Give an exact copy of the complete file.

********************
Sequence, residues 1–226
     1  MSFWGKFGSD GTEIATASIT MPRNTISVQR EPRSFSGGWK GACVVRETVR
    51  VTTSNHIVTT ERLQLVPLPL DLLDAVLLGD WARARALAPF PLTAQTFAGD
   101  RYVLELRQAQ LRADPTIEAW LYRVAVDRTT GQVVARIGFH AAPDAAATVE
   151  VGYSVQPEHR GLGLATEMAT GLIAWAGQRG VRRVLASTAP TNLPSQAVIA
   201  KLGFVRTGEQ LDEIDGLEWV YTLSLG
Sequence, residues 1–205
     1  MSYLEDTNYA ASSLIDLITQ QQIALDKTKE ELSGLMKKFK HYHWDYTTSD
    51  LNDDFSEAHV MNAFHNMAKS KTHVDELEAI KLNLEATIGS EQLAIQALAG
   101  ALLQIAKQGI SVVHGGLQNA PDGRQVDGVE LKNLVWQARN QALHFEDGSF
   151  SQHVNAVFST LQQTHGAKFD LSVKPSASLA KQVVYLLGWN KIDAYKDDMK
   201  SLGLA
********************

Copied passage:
Sequence, residues 1–226
     1  MSFWGKFGSD GTEIATASIT MPRNTISVQR EPRSFSGGWK GACVVRETVR
    51  VTTSNHIVTT ERLQLVPLPL DLLDAVLLGD WARARALAPF PLTAQTFAGD
   101  RYVLELRQAQ LRADPTIEAW LYRVAVDRTT GQVVARIGFH AAPDAAATVE
   151  VGYSVQPEHR GLGLATEMAT GLIAWAGQRG VRRVLASTAP TNLPSQAVIA
   201  KLGFVRTGEQ LDEIDGLEWV YTLSLG
Sequence, residues 1–205
     1  MSYLEDTNYA ASSLIDLITQ QQIALDKTKE ELSGLMKKFK HYHWDYTTSD
    51  LNDDFSEAHV MNAFHNMAKS KTHVDELEAI KLNLEATIGS EQLAIQALAG
   101  ALLQIAKQGI SVVHGGLQNA PDGRQVDGVE LKNLVWQARN QALHFEDGSF
   151  SQHVNAVFST LQQTHGAKFD LSVKPSASLA KQVVYLLGWN KIDAYKDDMK
   201  SLGLA